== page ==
http://www.newyorker.com/reporting/2010/06/28/100628fa_fact_sacks ) Engel lost the ability to read and to recognize words and letters after suffering a stroke. He could still write - but he could not read what he wrote.
After I read the article, I dug out my stack of Howard Engel novels. I have all of his Benny Cooperman novels - about a wise-cracking small town PI in Canada. Long ago I started but never finished his first book, The Suicide Murders. It was okay - light entertainment, nothing great. Something I need to be in the mood for. I'll get back to it someday.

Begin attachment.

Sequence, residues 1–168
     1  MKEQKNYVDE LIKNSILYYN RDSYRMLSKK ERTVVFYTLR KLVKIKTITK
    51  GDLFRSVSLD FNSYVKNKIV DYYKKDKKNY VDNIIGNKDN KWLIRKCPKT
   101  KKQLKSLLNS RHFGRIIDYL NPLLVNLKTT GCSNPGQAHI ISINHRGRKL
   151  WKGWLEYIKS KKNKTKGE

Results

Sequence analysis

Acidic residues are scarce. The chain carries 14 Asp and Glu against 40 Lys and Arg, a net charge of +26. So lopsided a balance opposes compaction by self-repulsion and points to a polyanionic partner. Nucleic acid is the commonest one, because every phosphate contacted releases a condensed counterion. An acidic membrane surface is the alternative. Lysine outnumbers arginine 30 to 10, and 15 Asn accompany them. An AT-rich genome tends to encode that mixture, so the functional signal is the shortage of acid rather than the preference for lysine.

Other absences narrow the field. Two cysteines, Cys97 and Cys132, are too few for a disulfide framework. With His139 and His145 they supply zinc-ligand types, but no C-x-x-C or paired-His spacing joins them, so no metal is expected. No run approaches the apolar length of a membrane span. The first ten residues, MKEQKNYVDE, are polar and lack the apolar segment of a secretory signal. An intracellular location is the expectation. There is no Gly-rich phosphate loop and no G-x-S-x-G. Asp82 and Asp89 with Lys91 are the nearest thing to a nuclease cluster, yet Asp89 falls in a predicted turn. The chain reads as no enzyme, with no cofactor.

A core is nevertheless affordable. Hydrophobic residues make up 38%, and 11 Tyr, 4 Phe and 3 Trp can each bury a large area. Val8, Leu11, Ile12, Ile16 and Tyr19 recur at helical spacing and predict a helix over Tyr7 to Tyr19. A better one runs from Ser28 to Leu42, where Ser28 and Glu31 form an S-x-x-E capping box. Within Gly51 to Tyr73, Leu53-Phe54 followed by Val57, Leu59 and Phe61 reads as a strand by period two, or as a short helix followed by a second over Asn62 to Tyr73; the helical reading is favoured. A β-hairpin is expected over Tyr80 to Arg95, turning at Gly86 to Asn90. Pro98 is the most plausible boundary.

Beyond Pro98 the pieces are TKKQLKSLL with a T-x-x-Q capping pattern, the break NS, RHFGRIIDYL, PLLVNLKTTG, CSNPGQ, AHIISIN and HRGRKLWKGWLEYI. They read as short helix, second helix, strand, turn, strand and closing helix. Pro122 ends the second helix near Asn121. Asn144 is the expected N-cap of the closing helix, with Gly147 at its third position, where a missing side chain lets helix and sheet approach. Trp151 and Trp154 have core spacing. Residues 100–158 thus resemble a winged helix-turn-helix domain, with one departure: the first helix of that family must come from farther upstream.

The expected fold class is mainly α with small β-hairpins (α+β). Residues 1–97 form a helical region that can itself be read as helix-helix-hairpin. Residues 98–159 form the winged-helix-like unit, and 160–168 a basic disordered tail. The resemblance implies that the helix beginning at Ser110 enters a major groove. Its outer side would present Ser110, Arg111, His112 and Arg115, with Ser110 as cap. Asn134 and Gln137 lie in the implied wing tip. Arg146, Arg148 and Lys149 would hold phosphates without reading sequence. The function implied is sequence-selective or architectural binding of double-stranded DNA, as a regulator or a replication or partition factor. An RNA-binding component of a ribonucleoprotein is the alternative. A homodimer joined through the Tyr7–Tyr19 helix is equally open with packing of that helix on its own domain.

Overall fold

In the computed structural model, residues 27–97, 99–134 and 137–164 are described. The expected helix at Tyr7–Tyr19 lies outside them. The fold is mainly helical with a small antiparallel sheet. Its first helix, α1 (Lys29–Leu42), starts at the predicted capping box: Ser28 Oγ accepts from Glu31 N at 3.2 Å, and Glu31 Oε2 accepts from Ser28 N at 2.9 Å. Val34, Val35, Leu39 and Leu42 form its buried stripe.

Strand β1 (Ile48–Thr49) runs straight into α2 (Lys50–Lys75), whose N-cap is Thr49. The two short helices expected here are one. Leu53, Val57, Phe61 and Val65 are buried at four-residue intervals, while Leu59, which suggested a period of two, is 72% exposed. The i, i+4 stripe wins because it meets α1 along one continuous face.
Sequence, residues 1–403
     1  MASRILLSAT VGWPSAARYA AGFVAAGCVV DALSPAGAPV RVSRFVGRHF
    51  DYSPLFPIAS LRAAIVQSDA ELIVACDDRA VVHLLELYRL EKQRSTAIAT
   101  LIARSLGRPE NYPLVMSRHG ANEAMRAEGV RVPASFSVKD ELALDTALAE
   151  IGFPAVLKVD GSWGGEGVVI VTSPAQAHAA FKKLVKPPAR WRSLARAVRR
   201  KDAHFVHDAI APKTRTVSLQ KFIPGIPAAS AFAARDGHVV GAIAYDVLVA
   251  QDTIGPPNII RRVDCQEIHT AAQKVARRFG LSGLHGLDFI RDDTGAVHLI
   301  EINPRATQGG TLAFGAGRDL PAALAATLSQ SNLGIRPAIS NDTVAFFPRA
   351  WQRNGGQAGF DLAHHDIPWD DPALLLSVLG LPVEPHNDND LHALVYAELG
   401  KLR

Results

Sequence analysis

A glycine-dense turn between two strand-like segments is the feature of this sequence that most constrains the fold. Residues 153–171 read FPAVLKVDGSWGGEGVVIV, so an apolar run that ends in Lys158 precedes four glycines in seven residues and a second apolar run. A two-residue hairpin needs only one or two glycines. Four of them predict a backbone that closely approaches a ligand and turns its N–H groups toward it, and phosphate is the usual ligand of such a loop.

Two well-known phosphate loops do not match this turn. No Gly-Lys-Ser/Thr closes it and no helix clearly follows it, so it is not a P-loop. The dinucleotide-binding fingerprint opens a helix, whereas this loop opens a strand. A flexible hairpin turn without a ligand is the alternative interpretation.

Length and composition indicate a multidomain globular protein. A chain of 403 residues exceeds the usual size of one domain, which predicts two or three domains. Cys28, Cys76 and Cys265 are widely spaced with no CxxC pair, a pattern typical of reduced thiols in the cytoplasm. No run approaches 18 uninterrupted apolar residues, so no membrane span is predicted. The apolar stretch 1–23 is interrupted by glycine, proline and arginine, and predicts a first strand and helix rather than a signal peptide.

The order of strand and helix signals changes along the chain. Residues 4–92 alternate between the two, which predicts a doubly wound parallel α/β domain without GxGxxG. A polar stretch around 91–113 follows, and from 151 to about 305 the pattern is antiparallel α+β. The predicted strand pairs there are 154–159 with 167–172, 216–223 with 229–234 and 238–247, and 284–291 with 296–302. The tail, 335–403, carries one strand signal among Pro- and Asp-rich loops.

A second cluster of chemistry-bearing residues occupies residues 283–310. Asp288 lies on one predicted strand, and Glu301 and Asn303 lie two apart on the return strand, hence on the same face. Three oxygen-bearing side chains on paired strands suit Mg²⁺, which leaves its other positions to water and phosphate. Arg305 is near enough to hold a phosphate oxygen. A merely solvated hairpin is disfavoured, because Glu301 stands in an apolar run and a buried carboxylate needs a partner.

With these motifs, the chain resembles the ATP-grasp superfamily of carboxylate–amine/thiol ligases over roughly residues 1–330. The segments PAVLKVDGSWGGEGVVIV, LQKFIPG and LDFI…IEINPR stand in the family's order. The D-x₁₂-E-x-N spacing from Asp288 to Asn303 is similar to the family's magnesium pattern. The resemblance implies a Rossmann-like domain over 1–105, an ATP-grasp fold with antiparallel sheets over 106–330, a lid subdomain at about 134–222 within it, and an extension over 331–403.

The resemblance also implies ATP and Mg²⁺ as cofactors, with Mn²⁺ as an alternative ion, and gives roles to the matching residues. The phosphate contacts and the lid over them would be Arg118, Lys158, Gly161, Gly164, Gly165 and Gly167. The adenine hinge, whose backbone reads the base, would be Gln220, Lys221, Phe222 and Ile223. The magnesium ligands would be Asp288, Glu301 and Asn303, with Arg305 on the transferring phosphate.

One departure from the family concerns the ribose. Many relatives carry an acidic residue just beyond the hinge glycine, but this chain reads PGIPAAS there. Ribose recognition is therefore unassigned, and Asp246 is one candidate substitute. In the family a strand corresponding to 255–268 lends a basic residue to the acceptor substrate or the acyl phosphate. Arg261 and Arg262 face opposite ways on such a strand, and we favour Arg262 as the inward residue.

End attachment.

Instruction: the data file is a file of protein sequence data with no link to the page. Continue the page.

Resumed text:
Tonight while doing laundry I found another Howard Engel novel (I have green Penguin editions of his books except for this one, which mean it doesn't live with the Penguins in the bookcase devoted to Penguins). Its the first one he wrote after his brain injury. Its called The Memory Book and instead of sorting socks I started reading it. Benny Cooperman suffers a traumatic brain injury - much like Paul Cole in Donald Westlake's Memory - the book I am currently reading - and wakes up weeks later in the hospital. With a shattered memory and with the same inability to read or recognize letters as Howard Engel himself experienced. Though I only read a few chapters of it, The Memory Book is on much sounder ground with the science and medicine of memory loss and brain injury. Of course, it was written 40 years after Memory. While I am enjoying Memory, I cringe at the fact that I'm deriving entertainment from a character suffering from traumatic brain injury from a period before much was known about these things.